The following Electro takes the strong start and lifts it up further levels, a sinister dark groove preying on the passions from its opening breath whilst barbed allurements and melodic infectiousness emerge to build an anthemic cage to which passions can only submit and flourish. The new single from the album, the track also features the irresistible tones of Tristania’s Mariangela Demurtas who alongside Grace makes a union which only accelerates the charge of emotions greedy to embrace the fiery evocation.

We Don’t Wanna takes its lead from its predecessor, the track though slightly more reserved riding upon thumping rhythms and jagged riffs to enslave the imagination whilst the vocals glide and soar with beauty and causticity over it’s the bait. The track as the first pair shows the skill off the band in sculpting irresistible and provocative entrapments but also in breeding a variety across the songs and sound offered, the third stretching the expanse again. It may not be a boldly new sound but the band certainly creates a refreshing and highly varied one.

The likes of the emotionally and musically intense St Ives with its great gnarly bass spawned groove clad prowl and the smouldering Unless, a track which brews a rising crescendo of fervour, reinforce the pull of the album whilst Circles is a soaring blaze of vocal and melodic drama veined by further infection fuelled grooves and wonderfully niggling hooks. All three songs leave a hunger for more ripe intent though in some ways disappointment follows.

After a thrilling cover of the classic Audrey Clark and Lori Kramer penned Yard of Blonde Girls, grunge and noise rock essences wrapping the offering, the album raises one last peak before slipping from its pedestal. Far Away is another smouldering seduction which places a spellbinding cast over the senses, one raising in intensity and passion the further into its trap you immerse. With a persistent hook nagging away within its belly the song is a thrilling absorbing adventure which probably goes some way to making the likes of Falling Down and Real feel an antic-climax in comparison. Both tracks as well as The Woman By the River are superbly crafted and presented in their individual guises but despite all presenting compelling elements lack the spark and character to stand away from expectations. Their blandness, for want of a better word, against previous tracks is a drop which presents the album from challenging best of honours though they cannot prevent Hundred Years Apart from being one of the more exciting and captivating releases over recent months. The closing Eternal Love emphasises that, its Eastern kissed melodies and exhaustive fire a final drama to drool over.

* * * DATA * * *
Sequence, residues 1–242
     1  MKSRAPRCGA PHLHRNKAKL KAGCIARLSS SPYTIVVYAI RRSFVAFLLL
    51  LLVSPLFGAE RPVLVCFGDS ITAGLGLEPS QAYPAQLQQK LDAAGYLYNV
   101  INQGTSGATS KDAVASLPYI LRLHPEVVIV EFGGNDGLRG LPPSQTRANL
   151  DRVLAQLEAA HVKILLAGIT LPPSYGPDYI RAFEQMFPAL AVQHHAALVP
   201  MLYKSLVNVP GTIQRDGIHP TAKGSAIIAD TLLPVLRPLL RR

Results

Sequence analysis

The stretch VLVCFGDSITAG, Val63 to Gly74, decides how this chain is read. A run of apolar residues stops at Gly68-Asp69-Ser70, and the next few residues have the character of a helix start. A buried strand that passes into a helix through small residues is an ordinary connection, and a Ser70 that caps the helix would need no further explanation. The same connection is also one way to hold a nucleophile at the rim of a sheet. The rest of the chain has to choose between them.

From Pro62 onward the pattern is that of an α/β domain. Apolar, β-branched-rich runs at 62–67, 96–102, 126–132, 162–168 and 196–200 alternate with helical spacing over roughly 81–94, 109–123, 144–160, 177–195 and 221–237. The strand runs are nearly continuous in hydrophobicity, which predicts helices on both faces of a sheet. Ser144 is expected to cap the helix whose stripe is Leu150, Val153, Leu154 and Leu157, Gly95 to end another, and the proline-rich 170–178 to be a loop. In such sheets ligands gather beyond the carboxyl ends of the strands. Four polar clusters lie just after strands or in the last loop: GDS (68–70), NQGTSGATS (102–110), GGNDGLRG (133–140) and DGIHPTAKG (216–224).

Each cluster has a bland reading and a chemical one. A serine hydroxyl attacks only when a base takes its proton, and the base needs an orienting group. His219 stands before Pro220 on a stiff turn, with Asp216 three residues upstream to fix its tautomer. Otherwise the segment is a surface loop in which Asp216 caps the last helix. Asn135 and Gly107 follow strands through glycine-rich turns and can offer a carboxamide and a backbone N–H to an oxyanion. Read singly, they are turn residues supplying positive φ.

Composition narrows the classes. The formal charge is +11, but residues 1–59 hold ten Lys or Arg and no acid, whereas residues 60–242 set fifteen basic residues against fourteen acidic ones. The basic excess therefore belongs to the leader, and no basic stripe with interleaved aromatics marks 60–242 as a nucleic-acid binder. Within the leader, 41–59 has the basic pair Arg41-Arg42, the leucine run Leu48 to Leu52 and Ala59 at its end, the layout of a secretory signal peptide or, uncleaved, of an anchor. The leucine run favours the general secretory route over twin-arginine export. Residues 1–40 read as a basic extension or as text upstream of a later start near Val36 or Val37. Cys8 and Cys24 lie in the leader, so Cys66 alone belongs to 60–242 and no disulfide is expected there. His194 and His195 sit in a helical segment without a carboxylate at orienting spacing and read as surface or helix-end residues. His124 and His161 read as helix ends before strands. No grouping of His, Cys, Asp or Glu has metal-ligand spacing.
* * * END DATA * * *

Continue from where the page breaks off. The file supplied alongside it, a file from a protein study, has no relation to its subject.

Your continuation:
Hundred Years Apart is a great and thoroughly satisfying album even if one which misses its full potential. It does cement Grace Solero as a band with a seeming destiny to ignite UK heavy rock music, something they have already started with this very enjoyable release.

http://www.gracesolero.com/

7.5/10

RingMaster 09/12/2013

Copyright RingMaster: MyFreeCopyright

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Left For Red – Vol 002: Mercy Fight

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Being a sucker for riffs which prey on the ear and rhythmic encounters which rumble with an anthemic lure, it took little time for Vol 002: Mercy Fight, the new EP from UK rockers Left For Red to grip attention tightly as its opening track stomped into view. Proceeding to entice and captivate the imagination as it blasts through three heavyweight provocations, the band continues to impress and raise suspicions that with the promise flowing through the release they have the potential to be very formidable antagonists within UK metal. Still arguably searching for originality, Left For Red make a sinew driven declaration with their second EP which cannot be ignored or left alone.